These tickets don't expire. While I have a bunch at home, I was thinking of stocking up big time as a hedge against inflation, since I have very small kids and I see a lot of movies in my future. The only risk would be Marcus canceling the program (which they said they wouldn't do) or the whole chain going out of business (they are the dominant player in Milwaukee and have locations throughout the Midwest and have been in business for 75 years or something...so I think that risk is small).

I can't remember the last time I paid "the going rate" to see a movie.


Wed Dec 14, 2011 5:55 pm
Post Re: December 14, 2011: "At What Price Entertainment"
It can be pricey to be certain, but your last point is the most important in my opinion: where are you going to find a cheaper family outing? And for you and some buddies, the $12.50 or so I pay is cheaper than heading to a bar, concert, club, sporting event, etc.


Wed Dec 14, 2011 6:11 pm
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Post Re: December 14, 2011: "At What Price Entertainment"
When going to the movies, there are two theaters I usually patronize:

The first is the Regal. There, the prices are $8.50 matinee.

The other is Frank's Movies At Sunrise. $6.00 matinee.

You can guess which one I frequent more often.

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Wed Dec 14, 2011 6:29 pm
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Post Re: December 14, 2011: "At What Price Entertainment"
Quality of movies is an issue but by no means the biggest. I think availability is also something to think about; there are plenty of films that JB reviews here or that I hear about elswhere that never make it into the multiplex near me (Straw Dogs got about a week of showings). In addition, Vue really do go out of the way to make you feel 'unusual' for wanting to see a movie in 2D. When Avatar was first out, 2D showings were considered the 'special one off showings'.

Health wise, the food doesn't bother me. I regularly make my own popcorn at home and what the cinema sells doesn't really bother me much. I no longer pay the prices that they ask (I haven't had THAT much disposable income for the past 3 years) and now that I am employed again, I just can't bring myself to do it. This coming from a person who is normally very conservative about playing by the rules in this sort of situation.
The problem is that, at least on one occasion, I've seen people have anything other than a handbag (or purse) get searched on the way in... which stops you smuggling in anything larger than a can of drink and a tiny pack of crisps or something. Fucking hell.

I'd be fully prepared to boycott cinemas altogether, if I thought it would really help. Right now I can only think of a couple of movies that I'm definitly going to see (Sherlock Holmes 2, Avengers and The Hobbit). Possibly even the totally unwarranted Dragon Tattoo remake, since a friend of mine shares my liking for the original but doesn't want to see the new one by himself. I think other than The Hobbit, I could happily wait for the rest to arrive on BRD.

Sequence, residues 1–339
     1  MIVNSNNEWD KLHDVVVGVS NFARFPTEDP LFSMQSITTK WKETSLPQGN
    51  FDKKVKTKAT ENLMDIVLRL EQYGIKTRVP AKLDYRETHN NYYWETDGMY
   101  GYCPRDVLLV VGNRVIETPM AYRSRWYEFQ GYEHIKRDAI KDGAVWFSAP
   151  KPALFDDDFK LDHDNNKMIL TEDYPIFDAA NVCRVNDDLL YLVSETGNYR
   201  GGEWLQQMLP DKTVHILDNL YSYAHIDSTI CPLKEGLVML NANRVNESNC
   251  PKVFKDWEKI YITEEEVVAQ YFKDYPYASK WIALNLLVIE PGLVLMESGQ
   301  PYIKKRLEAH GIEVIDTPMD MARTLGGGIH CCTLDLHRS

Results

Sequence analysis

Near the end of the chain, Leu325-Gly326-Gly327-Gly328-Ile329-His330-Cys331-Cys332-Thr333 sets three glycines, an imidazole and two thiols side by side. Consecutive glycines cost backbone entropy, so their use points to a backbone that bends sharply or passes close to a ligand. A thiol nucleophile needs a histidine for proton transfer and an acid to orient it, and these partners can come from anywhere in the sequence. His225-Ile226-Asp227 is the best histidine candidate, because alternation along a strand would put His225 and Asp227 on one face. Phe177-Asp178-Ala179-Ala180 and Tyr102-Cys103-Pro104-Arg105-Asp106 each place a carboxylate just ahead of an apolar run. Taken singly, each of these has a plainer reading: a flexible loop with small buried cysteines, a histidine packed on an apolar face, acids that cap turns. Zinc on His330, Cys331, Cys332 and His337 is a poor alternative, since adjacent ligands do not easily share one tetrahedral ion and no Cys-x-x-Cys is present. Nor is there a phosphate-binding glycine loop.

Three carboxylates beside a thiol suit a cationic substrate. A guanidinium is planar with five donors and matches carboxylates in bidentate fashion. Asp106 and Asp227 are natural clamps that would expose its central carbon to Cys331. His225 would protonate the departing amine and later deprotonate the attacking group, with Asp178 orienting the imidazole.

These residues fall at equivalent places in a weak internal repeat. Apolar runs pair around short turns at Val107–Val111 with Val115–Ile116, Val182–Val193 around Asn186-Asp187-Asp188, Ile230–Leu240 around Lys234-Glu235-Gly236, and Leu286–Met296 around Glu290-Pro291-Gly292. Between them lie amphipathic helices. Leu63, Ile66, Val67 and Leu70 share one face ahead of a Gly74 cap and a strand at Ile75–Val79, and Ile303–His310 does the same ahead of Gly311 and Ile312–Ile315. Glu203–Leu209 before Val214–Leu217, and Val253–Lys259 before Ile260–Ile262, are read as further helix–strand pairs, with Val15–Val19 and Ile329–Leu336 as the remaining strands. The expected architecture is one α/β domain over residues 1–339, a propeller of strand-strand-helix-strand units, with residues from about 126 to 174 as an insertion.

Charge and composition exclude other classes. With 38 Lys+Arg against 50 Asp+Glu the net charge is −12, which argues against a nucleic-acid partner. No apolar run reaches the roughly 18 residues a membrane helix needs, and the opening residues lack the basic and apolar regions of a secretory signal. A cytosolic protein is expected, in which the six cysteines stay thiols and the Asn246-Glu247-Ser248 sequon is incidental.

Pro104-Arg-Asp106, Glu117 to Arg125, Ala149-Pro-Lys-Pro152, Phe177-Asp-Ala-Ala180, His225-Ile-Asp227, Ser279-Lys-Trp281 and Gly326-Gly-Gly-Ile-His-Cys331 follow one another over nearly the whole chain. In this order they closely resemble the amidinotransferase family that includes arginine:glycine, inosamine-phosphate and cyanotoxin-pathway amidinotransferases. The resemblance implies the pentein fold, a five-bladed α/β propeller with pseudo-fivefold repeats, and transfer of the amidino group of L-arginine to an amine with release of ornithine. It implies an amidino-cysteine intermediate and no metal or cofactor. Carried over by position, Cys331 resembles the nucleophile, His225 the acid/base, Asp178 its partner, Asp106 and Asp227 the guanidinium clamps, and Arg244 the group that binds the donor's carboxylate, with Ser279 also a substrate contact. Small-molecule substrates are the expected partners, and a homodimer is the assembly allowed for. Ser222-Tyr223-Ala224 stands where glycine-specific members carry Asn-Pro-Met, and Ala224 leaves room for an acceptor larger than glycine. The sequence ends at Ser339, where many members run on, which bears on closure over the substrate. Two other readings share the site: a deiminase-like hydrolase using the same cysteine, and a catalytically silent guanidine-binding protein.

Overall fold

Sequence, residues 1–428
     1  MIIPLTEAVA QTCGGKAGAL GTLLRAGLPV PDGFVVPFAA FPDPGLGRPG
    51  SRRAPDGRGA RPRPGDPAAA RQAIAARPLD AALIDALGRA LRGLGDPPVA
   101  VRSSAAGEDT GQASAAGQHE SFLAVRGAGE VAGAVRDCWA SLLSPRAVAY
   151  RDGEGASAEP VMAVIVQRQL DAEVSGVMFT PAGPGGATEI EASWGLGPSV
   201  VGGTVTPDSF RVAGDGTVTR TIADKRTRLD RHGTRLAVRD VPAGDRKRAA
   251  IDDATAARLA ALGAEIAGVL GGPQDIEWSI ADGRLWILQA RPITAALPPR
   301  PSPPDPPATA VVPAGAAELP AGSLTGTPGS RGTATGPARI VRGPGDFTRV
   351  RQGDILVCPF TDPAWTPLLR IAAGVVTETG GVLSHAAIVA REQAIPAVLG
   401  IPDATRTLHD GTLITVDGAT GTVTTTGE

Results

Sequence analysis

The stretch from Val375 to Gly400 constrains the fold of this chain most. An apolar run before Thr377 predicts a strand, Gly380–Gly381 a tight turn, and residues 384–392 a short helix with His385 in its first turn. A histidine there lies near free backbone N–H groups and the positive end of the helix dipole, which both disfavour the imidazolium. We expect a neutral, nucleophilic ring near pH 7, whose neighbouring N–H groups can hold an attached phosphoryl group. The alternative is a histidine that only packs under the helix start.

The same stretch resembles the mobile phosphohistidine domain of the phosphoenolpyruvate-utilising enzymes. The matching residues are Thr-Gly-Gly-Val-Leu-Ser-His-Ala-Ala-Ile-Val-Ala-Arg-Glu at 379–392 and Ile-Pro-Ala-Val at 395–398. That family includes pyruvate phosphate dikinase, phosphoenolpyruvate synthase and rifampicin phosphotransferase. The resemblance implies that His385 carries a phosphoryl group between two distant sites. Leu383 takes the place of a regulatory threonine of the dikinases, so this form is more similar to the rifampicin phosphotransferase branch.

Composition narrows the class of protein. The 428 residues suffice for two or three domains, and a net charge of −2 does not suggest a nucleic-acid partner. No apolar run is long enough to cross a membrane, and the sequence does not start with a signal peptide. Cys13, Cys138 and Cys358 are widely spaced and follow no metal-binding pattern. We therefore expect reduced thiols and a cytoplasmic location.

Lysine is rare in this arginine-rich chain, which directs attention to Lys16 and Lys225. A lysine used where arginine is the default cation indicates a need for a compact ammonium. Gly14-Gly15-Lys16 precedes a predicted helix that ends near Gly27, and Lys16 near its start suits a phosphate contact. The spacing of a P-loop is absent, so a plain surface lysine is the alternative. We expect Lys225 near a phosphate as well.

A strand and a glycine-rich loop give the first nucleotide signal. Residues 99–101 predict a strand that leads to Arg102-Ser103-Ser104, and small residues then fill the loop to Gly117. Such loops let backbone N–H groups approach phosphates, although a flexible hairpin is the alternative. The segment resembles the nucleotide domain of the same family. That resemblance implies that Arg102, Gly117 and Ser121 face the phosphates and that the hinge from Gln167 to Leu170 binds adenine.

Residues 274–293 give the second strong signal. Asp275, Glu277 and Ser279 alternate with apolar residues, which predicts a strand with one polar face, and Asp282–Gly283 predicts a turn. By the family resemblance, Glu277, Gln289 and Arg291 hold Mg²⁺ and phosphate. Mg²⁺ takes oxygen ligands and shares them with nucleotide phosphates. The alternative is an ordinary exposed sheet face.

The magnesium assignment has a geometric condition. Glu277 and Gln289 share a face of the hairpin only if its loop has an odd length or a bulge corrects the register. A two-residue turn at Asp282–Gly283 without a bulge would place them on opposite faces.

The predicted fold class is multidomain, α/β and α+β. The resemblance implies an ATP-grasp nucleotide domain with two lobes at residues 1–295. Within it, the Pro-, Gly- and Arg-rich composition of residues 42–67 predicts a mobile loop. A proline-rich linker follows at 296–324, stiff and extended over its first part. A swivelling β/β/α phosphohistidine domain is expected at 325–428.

Also this 'fake' IMAX thing... do people really buy into that? I mean all you're doing is paying more to see a movie that isn't as good as it was to begin with (assuming the original was filmed on 35mm, but then I'm just being picky). Ah well.


Wed Dec 14, 2011 7:18 pm
Post Re: December 14, 2011: "At What Price Entertainment"
Quote:
Using a pure inflationary calculation, that $3 ticket should cost $7 today. Know any place where you can see a 7:00 p.m. movie for $7? I don't.


I happen to live in a rural area (our county seat, Tell City, Indiana has 8,000 people, and the entire county has fewer than 20,000.) We have a four screen theater, privately owned (not a chain) and they charge $4.00 for matinees (before 5 p.m.) and $6.00 for evening films ($4 for kids) with a $5.00 senior discount. Snacks aren't bad either: a "King Combo" (two medium drinks and a large popcorn -- in an actual bucket, not a leaky bag, and WITH refills!) -- costs $8.25, and if you join their "movie club" the coupons they offer knock that down to $7.25. So my wife and I can go to a Saturday night showing of a film and have soda + popcorn for $19.25 ... so trust me, I don't complain that it sometimes takes longer for non-mainstream films to come here ;) If I want to go see a movie like Sherlock Holmes, for example, I can do so here in town, a two mile drive, and spend less than $20, where if I drove to Owensboro (Ky) or Evansville (Ind.) it'd cost me twice that much. And if I want to watch an Oscar movie, I can either wait for it to come here in March (once its run is almost over) or pay the higher cost to go to Evansville, where it becomes a treat (take the wife for dinner out, then see a movie in a bigger theater).


Wed Dec 14, 2011 8:16 pm
Post Re: December 14, 2011: "At What Price Entertainment"
jksander wrote:
Snacks aren't bad either: a "King Combo" (two medium drinks and a large popcorn -- in an actual bucket, not a leaky bag, and WITH refills!) -- costs $8.25